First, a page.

RESULTS:

Preliminary phytochemical screening of AEPC had revealed in our previous study high presence of terpenoids and tannins; moderate presence of

saponins, glycosides, anthraquinones and

flavonoids; and low presence of alkaloids and phenols. Acute toxicity evaluation from our previous study revealed no toxic reaction, no behavioral changes and no mortality up to a concentration of 3000mg/kg in mice during the limit test.

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which corresponded to 40.33% ulcer index reduction as compared to 69.19% for cimetidine (standard). Table 2 shows effect of AEPC on PLIGU in rats. Treatment of gastric ulcer with, 200, 300 mg/kg also reduced number of ulcers, ulcer scores and ulcer index with significant reduction (P ˂0.05) occurring at a concentration of 300 mg/kg corresponding to 42.30% ulcer index

reduction as compared to 72.85% for cimetidine (standard).

Table 3 shows effect of AEPC on gastric content, pH, total acidity and free acid in PLIGU in rats. Significant decrease (P ˂0.05) in gastric volume, total acidity, free acid and increase in pH occurred at a concentration of 300 mg/kg. Significant decrease (P ˂0.05) in total acidity and free acid also occurred at a concentration of 200 mg/kg.

TABLE 1: EFFECT OF AQUEOUS EXTRACT OF PHRAGMANTHERA CAPITATA ON INDOMETHACIN-INDUCED GASTRIC ULCER IN RATS.

Treatment dose

(mg/kg, Average No. Of Ulcers Average Ulcer Scores Ulcer Index % inhibition Ulcer Index Control (D. water)

Cimetidine AEPC AEPC AEPC 10ml/kg 100 100 200 300 15.12±3.12 2.33±0.12 13.50±0.14 9.50±0.34 3.31±0.21* 3.10±0.13 0.50±0.02 2.10±0.11 1.51±0.32 0.62±0.41* 12.53±2.11 3.86±0.11 10.45±0.42 9.03±0.31 7.47±0.16* 00.00 69.19 16.60 27.93 40.33* The data were presented as mean ± SEM (7 animals in each group). *P <0.05

TABLE 2: EFFECT OF AQUEOUS EXTRACT OF PHRAGMANTHERA CAPITATA ON PYLORUS LIGATION INDUCED GASTRIC ULCER IN RATS.

Treatment dose

(mg/kg, p.o.) Average No. of Ulcers Average Ulcer Scores Ulcer Index

% Inhibition of Ulcer Index

Control (D. water) Cimetidine AEPC 10ml/kg 100 100 200 300 13.12±3.02 1.73±0.12 10.40±0.12 7.76±0.31 2.11±0.41* 3.01±0.16 0.53±0.01 2.07±0.12 1.12±0.12 0.53±0.21* 12.12±2.11 3.29±0.15 9.95±0.23 8.19±0.12 6.99±0.03* 00.00 72.85 17.90 32.43 42.30*

The data were presented as mean ± SEM (7 animals in each group). *P <0.05

TABLE 3: EFFECT OF AQUEOUS EXTRACT OF PHRAGMANTHERA CAPITATA ON GASTRIC CONTENT, PH, TOTAL ACIDITY AND FREE ACID IN PYLORUS LIGATION INDUCED GASTRIC ULCER IN RATS.

Treatment Dose

(mg/kg)

Gastric contents

(ml/100g)

pH Total acidity

(meq/L)

Free acid

(meq/L

Control (D. water) Cimetidine AEPC 10 ml/kg 100 100 200 300 4.21±0.31 2.31±0.11 4.07±0.01 3.75±0.21 2.41±0.10* 3.69±0.12 5.31±0.10 3.71±0.11 4.64±0.21 4.98±0.11* 5963.83±654.42 1899.87±589.63 4897.66±387.75 3597.89±295.53* 2487.84±278.74* 4986.43±689.45 1698.64±473.62 3087.78±370.53 2083.75±239.62* 2004.53±211.14* The Data were Presented as Mean ± Sem (7 Animals In Each Group). *P <0.05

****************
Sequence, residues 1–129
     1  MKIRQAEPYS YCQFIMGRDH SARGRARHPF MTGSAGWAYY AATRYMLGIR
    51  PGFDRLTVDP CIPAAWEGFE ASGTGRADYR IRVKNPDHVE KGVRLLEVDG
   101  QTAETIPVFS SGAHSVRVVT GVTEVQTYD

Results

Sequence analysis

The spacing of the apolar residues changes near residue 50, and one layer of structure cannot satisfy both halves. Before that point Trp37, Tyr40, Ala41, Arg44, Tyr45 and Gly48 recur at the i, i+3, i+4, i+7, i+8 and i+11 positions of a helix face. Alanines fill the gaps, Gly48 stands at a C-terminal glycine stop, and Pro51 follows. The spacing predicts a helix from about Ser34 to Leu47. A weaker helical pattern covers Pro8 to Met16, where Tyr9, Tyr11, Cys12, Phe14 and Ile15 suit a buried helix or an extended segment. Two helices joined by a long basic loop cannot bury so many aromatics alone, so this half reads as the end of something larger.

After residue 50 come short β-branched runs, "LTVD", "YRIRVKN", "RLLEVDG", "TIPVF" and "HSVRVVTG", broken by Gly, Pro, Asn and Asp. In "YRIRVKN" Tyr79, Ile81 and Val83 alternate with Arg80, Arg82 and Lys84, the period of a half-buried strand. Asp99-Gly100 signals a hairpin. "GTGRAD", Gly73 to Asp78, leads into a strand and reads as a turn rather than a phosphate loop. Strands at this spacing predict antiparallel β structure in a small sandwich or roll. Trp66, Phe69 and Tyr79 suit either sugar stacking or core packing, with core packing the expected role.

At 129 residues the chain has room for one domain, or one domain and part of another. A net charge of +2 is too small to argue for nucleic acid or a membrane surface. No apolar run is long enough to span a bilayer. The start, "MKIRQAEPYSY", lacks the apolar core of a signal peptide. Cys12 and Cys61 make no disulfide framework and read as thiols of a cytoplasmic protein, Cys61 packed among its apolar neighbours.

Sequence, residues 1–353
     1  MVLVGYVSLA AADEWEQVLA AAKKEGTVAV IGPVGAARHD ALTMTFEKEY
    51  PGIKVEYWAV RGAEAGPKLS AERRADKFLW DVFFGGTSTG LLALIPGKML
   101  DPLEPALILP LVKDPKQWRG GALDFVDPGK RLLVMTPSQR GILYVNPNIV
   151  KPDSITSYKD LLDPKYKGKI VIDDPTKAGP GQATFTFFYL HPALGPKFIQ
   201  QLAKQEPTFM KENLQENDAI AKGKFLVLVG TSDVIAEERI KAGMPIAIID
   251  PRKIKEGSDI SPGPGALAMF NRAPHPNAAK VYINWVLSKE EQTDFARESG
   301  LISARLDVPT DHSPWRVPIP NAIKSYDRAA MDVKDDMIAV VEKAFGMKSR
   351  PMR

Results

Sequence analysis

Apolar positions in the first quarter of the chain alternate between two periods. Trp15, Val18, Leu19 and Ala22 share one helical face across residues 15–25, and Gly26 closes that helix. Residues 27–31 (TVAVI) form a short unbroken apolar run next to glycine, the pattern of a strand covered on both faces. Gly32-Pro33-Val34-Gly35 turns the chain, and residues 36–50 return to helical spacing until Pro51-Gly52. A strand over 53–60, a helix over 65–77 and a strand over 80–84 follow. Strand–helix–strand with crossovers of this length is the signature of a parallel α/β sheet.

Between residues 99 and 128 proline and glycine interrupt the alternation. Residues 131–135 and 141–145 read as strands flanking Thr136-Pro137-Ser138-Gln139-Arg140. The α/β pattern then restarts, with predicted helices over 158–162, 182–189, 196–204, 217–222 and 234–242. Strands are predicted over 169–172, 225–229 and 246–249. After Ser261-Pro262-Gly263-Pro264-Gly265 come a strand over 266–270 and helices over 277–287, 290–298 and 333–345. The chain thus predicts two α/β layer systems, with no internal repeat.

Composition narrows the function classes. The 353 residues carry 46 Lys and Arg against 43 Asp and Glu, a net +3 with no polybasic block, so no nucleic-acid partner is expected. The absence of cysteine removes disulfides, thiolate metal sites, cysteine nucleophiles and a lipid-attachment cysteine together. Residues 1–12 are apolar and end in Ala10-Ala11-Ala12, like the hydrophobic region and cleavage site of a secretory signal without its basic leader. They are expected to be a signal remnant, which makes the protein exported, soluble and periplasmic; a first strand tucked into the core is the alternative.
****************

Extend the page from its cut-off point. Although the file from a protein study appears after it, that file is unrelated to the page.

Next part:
DISCUSSION AND CONCLUSION: In the stomach, prostaglandins and nitric oxide play a crucial protective role of stimulating the secretion of bicarbonate and mucus 11, maintaining mucosal blood flow and regulating mucosal cells turnover and repairs 30. Therefore, suppression of prostaglandin synthesis by non-steroidal anti-inflammatory drugs like IMC results in increased susceptibility to gastric mucosal lesions and mucosal injury 31, 32 which were observed in

indomethacin control. AEPC at concentration of 300 mg/kg significantly protected the mucosa from being damaged by indomethacin suggesting that AEPC possesses bioactive ingredients mimicking prostaglandin and nitric oxide.

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made of tight and subjacent adherens junctions 3 to seal paracellular spaces of enterocysts. AEPC at concentration of 300 mg/kg also significantly protected the mucosa from this auto digestion by gastric acid accumulation. This is achieved through decreased gastric secretions, decreased total acidity, decreased free acidity and increased pH of the gastric juice as compared to PLIGU control. Parameters like number of ulcers, ulcer scores, and ulcer index were also significantly reduced by AEPC in a dose-dependent manner.

From the present study, AEPC appeared to exert an

appreciable influence in anti-secretory,

gastroprotective and anti-ulcer activities in albino rats. However, further research into identifying bioactive molecules involved in these activities is recommended.

ACKNOWLEDGEMENT: Authors wish to thank Mr. Takem Bertrand Mokom for the assistance rendered in sourcing and preparing extract following standard procedures.

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TABLE 3: EFFECT OF AQUEOUS EXTRACT OF PHRAGMANTHERA CAPITATA ON GASTRIC CONTENT, PH, TOTAL ACIDITY AND FREE ACID IN PYLORUS LIGATION INDUCED GASTRIC ULCER IN RATS

TABLE 3:

EFFECT OF AQUEOUS EXTRACT OF PHRAGMANTHERA CAPITATA ON GASTRIC CONTENT, PH, TOTAL ACIDITY AND FREE ACID IN PYLORUS LIGATION INDUCED GASTRIC ULCER IN RATS p.4
TABLE 1: EFFECT OF AQUEOUS EXTRACT OF INDUCED GASTRIC ULCER IN RATS.  Treatment dose Average No

TABLE 1:

EFFECT OF AQUEOUS EXTRACT OF INDUCED GASTRIC ULCER IN RATS. Treatment dose Average No p.4
TABLE 2: EFFECT OF AQUEOUS EXTRACT OF PHRAGMANTHERA CAPITATA ON PYLORUS LIGATION INDUCED GASTRIC ULCER IN RATS

TABLE 2:

EFFECT OF AQUEOUS EXTRACT OF PHRAGMANTHERA CAPITATA ON PYLORUS LIGATION INDUCED GASTRIC ULCER IN RATS p.4

References